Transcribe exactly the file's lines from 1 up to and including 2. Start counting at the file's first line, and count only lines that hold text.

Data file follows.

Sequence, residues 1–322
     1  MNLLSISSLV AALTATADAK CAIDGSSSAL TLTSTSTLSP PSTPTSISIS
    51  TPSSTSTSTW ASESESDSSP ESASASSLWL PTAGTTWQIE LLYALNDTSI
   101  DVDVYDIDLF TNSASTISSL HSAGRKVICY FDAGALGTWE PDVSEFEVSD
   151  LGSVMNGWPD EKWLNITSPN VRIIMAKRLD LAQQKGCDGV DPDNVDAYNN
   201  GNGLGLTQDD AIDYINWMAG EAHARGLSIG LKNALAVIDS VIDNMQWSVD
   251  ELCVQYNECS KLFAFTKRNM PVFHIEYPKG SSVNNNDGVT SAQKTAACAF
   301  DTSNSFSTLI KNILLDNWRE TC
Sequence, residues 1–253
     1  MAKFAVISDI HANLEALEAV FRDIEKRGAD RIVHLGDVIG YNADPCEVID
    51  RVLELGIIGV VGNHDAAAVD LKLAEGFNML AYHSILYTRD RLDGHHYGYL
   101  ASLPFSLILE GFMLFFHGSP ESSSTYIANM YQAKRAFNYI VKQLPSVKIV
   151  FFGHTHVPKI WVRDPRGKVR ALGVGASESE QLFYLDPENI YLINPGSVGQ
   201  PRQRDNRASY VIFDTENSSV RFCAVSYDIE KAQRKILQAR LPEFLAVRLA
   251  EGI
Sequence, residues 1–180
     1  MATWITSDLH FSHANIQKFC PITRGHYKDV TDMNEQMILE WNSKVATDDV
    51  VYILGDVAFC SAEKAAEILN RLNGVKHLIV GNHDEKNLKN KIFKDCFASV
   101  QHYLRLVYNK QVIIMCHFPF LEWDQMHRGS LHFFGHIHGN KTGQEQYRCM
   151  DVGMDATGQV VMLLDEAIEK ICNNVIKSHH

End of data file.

Sequence, residues 1–322
     1  MNLLSISSLV AALTATADAK CAIDGSSSAL TLTSTSTLSP PSTPTSISIS